Canada has one of the leading vaccination rates in the world, but its relatively low hospital capacity means less tolerance for serious Covid-19 infections — a fact that may weigh on the economic recovery, cautions CIBC World Markets.
In a new report, economists say that Canada ranks below most OECD countries in terms of health-care capacity, which means that the “threshold to ignite restrictive policies is low” and the fourth wave of the virus represents a near-term risk to the economy.
“The good news is that vaccinations have clearly altered the relationship between cases, hospitalizations and ultimately deaths,” the report said. “The bad news is that the Delta variant is having a bigger impact on younger age groups, who either can’t be vaccinated or are less likely to have taken up the vaccine.”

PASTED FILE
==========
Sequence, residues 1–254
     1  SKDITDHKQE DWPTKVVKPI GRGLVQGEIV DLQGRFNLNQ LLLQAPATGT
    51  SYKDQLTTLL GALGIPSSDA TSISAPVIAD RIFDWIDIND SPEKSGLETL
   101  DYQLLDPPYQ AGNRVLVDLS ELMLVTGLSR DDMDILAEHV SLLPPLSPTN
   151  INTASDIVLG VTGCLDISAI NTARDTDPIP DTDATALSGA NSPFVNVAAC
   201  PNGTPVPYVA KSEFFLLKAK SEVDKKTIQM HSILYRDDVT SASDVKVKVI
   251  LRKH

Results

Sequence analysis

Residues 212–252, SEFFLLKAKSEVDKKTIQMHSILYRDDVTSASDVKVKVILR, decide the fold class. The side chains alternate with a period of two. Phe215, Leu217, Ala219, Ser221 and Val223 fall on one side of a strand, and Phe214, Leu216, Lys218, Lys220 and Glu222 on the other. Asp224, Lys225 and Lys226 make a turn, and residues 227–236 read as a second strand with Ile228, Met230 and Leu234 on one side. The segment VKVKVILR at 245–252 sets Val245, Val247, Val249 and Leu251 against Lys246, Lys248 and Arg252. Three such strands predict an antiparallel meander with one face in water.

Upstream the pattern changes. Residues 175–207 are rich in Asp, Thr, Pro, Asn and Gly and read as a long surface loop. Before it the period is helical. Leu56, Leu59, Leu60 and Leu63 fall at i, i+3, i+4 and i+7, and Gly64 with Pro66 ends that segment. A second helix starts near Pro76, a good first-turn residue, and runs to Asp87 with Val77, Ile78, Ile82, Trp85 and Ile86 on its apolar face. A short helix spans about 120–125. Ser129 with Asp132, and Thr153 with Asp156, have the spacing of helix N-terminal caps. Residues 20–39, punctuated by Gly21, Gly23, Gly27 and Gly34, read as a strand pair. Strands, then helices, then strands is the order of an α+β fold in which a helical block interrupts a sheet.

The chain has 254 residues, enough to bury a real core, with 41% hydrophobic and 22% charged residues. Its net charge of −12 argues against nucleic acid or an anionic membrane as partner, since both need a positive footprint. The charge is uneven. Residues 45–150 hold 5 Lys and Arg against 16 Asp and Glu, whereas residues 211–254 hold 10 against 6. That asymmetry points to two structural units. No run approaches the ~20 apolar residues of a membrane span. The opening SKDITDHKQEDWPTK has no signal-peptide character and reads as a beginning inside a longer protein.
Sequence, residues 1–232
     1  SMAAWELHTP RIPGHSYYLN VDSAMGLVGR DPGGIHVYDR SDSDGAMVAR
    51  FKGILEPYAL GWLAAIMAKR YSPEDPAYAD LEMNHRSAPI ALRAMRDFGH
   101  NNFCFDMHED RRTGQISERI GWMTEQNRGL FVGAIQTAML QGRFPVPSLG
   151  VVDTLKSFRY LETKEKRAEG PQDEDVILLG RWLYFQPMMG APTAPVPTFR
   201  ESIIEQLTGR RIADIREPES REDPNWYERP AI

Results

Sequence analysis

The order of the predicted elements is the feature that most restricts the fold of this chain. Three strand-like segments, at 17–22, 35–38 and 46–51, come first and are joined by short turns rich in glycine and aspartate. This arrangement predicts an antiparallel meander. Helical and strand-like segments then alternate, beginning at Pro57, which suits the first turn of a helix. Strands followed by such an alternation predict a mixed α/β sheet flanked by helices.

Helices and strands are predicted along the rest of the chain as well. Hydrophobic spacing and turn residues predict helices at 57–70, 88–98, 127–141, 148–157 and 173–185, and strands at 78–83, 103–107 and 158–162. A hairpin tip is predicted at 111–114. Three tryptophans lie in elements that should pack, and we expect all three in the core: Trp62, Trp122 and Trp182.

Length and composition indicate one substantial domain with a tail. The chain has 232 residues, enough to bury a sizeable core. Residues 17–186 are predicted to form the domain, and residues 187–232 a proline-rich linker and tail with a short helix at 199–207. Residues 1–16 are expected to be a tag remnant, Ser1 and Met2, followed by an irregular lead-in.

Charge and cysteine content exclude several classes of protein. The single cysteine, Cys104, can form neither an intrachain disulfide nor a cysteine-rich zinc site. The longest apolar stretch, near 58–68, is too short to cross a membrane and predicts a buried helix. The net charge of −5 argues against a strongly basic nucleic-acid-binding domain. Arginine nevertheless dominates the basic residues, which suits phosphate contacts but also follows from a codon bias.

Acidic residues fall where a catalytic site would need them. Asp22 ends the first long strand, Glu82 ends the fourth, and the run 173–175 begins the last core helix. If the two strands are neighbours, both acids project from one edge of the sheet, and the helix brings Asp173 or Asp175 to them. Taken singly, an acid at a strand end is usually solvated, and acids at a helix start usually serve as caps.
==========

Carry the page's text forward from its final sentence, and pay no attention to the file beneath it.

According to the report, while the number of infections being recorded in Canada now is similar to the second wave, the fatality rate is about 60% lower. However, the hospitalization rate is only about 15% lower than in the second wave.
“More recoverable cases appear to be reaching the hospitals, making hospital capacity just as or arguably even more important than in prior waves, and still, something that will govern public health restrictions,” it said.
Reintroduced restrictions translate to weaker economic growth.
“Our base case forecast for a continued, albeit slower, economic recovery over the winter months assumes that restrictions on service industries don’t go any further than the vaccine passport systems already announced. However, there is clearly downside risk to that forecast,” the report said.
Longer term, the report suggested that the pandemic may drive increased health-care investment.
“Covid-19 may be the wake-up call we need to increase investment in health-care infrastructure. Any improvement here will help not only to alleviate the pressure on an overextended system, but also will carry a notable economic dividend for the future,” it said.